It Turns Out the Deadly Missile That Hit Poland Was Likely Not Fired by Russia After All


NATO Secretary-General Jens Stoltenberg said Wednesday that a blast in Poland that killed two people was probably not an attack by Russia, but rather caused by a Ukrainian air defense system meant to counter a Russian aerial bombardment.

The two were killed on Tuesday when a missile came down in Polish farmland not far from the border with Ukraine. The blast came amid a Russian aerial assault in Ukraine and raised deep concern about whether Russia might be expanding the war by targeting a NATO member country.

“An investigation into this incident is ongoing, and we need to await its outcome. But we have no indication that this was the result of a deliberate attack,” Stoltenberg told reporters after chairing emergency talks between NATO envoys in Brussels.

“This is likely caused by a Ukrainian air defense missile,” he said, adding that the alliance has “no indication that Russia is preparing action” against any of its 30 member countries.

But Stoltenberg insisted that the incident happened because of Russia’s invasion.

Teacher Who Allegedly Befriended and Raped a Minor Rearrested After Victim Receives Appalling Message

“This is not Ukraine’s fault. Russia bears ultimate responsibility,” he said. “The whole incident is caused by Russia’s brutal war in Ukraine.”

Stoltenberg said that neither Poland nor any other ally had called for emergency consultations under Article 4 of NATO’s founding treaty, which provides for such talks if any the allies consider that their territory might be under threat.

Poland had said late Tuesday that it was considering calling for Article 4 consultations.

Earlier Wednesday, three U.S. officials said preliminary assessments suggest the missile was fired by Ukrainian forces at an incoming Russian projectile, and U.S. President Joe Biden said it was “unlikely” that it was fired from Russia.

Is Russia to blame for these deaths?

The findings are no doubt a relief to NATO. Since President Vladimir Putin ordered Russian troops into Ukraine in February, the organization has sought to avoid being dragged into a wider war.

The world’s biggest security alliance has declined to send troops into Ukraine and has refused Kyiv’s requests to police a no-fly zone over its cities, which might require allies to shoot down Russian fighter jets or target air defense systems in Russian territory.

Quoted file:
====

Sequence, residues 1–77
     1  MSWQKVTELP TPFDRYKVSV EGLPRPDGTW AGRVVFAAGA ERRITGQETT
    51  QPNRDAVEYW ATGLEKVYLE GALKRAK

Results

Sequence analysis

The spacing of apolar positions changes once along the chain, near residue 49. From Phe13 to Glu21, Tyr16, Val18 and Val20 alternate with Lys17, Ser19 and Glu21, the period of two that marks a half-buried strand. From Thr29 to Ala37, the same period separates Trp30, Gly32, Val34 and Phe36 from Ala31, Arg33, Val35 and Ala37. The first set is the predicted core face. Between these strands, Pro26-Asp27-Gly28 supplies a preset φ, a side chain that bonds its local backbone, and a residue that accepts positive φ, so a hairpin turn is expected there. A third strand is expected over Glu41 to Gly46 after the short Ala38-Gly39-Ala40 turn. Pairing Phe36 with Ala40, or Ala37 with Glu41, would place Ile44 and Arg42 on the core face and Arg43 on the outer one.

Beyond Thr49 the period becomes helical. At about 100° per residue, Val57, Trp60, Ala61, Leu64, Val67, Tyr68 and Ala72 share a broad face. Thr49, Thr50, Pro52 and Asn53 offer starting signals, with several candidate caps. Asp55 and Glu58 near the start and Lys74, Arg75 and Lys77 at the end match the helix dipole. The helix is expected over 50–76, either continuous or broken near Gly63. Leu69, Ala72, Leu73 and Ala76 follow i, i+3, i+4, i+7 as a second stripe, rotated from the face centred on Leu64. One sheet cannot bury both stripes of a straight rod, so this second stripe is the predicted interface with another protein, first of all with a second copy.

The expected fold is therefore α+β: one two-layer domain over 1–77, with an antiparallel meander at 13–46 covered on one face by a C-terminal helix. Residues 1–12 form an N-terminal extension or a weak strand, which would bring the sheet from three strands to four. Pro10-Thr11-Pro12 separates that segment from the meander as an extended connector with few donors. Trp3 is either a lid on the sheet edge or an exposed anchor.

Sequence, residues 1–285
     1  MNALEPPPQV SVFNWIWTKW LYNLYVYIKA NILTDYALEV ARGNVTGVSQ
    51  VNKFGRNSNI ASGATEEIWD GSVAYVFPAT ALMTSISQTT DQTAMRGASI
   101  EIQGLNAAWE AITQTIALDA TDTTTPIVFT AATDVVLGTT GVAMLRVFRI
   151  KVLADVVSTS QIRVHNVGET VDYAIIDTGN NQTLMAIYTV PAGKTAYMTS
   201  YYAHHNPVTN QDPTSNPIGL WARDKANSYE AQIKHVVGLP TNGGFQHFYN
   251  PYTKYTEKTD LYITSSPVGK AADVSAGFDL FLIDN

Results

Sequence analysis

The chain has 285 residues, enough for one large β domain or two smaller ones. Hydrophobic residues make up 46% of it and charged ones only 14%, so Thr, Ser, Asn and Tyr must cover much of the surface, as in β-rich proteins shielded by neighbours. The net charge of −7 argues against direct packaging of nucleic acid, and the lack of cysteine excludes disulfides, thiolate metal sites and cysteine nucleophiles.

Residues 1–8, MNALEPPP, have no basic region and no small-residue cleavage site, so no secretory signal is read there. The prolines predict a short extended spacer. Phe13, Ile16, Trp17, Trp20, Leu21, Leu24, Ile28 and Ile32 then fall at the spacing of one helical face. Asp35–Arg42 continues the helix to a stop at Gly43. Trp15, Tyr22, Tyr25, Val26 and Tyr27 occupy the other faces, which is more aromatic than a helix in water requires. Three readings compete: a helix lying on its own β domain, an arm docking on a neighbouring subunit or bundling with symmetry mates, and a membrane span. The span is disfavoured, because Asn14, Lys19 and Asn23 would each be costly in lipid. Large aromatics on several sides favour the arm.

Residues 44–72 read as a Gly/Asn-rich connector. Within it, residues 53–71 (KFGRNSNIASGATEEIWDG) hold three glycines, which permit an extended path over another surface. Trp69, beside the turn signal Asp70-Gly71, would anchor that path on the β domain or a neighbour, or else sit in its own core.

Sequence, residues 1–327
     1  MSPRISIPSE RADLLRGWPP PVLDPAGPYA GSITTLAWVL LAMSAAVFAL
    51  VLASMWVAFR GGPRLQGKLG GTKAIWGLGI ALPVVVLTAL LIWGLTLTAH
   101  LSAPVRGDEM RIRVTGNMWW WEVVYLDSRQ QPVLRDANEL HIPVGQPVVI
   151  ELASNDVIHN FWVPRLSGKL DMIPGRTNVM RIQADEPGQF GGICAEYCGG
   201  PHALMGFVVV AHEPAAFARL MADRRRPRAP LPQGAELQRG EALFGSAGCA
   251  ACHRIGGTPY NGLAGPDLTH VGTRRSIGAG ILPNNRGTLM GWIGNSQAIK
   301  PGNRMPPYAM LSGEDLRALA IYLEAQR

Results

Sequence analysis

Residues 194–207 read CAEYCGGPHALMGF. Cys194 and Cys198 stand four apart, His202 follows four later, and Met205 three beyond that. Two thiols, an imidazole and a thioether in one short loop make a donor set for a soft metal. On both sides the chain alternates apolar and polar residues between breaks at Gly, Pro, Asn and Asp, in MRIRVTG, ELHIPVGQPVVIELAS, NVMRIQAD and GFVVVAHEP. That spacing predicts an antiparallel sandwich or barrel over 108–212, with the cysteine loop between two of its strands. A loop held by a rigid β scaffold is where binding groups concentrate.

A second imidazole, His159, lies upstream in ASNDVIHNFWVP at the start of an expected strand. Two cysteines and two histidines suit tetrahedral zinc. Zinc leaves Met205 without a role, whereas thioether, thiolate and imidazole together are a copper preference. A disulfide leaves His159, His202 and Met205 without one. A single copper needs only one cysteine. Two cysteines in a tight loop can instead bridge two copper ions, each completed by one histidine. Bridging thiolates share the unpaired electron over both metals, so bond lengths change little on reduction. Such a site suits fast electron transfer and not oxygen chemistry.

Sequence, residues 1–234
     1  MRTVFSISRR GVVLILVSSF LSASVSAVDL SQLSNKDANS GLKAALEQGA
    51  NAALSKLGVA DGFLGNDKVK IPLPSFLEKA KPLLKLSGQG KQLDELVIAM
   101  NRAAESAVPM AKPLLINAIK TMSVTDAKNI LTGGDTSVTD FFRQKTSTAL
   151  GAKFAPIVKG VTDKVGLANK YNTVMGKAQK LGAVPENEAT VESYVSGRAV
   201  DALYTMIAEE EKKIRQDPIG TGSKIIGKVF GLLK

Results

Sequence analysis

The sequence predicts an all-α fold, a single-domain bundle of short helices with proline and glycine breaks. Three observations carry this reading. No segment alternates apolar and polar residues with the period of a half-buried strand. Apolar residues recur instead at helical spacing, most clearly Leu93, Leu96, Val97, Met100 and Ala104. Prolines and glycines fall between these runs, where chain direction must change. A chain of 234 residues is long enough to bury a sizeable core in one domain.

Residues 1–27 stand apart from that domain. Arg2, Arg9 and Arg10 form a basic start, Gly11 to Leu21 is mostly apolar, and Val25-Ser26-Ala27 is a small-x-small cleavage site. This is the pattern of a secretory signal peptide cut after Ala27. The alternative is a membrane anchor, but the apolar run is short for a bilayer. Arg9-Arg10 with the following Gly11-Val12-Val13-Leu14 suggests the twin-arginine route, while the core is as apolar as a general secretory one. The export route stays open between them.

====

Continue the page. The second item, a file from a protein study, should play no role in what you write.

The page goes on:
While some of NATO’s member countries are providing weapons and other support, NATO as an organization doesn’t. The military alliance has focused on building up its forces in member countries near Russia and Ukraine’s borders to dissuade Putin from targeting them next.

After Russia invaded Ukraine on Feb. 24, Bulgaria, the Czech Republic, Estonia, Latvia, Lithuania, Poland, Romania and Slovakia triggered urgent Article 4 consultations. These are launched when “the territorial integrity, political independence or security of any of the [NATO] parties is threatened.”

The Western Journal has not reviewed this Associated Press story prior to publication. Therefore, it may contain editorial bias or may in some other way not meet our normal editorial standards. It is provided to our readers as a service from The Western Journal.

Truth and Accuracy

Submit a Correction →

We are committed to truth and accuracy in all of our journalism. Read our editorial standards.

, , , , , , ,
The Associated Press is an independent, not-for-profit news cooperative headquartered in New York City. Their teams in over 100 countries tell the world’s stories, from breaking news to investigative reporting. They provide content and services to help engage audiences worldwide, working with companies of all types, from broadcasters to brands. Photo credit: @AP on Twitter
The Associated Press was the first private sector organization in the U.S. to operate on a national scale. Over the past 170 years, they have been first to inform the world of many of history's most important moments, from the assassination of Abraham Lincoln and the bombing of Pearl Harbor to the fall of the Shah of Iran and the death of Pope John Paul.

Today, they operate in 263 locations in more than 100 countries relaying breaking news, covering war and conflict and producing enterprise reports that tell the world's stories.
New York City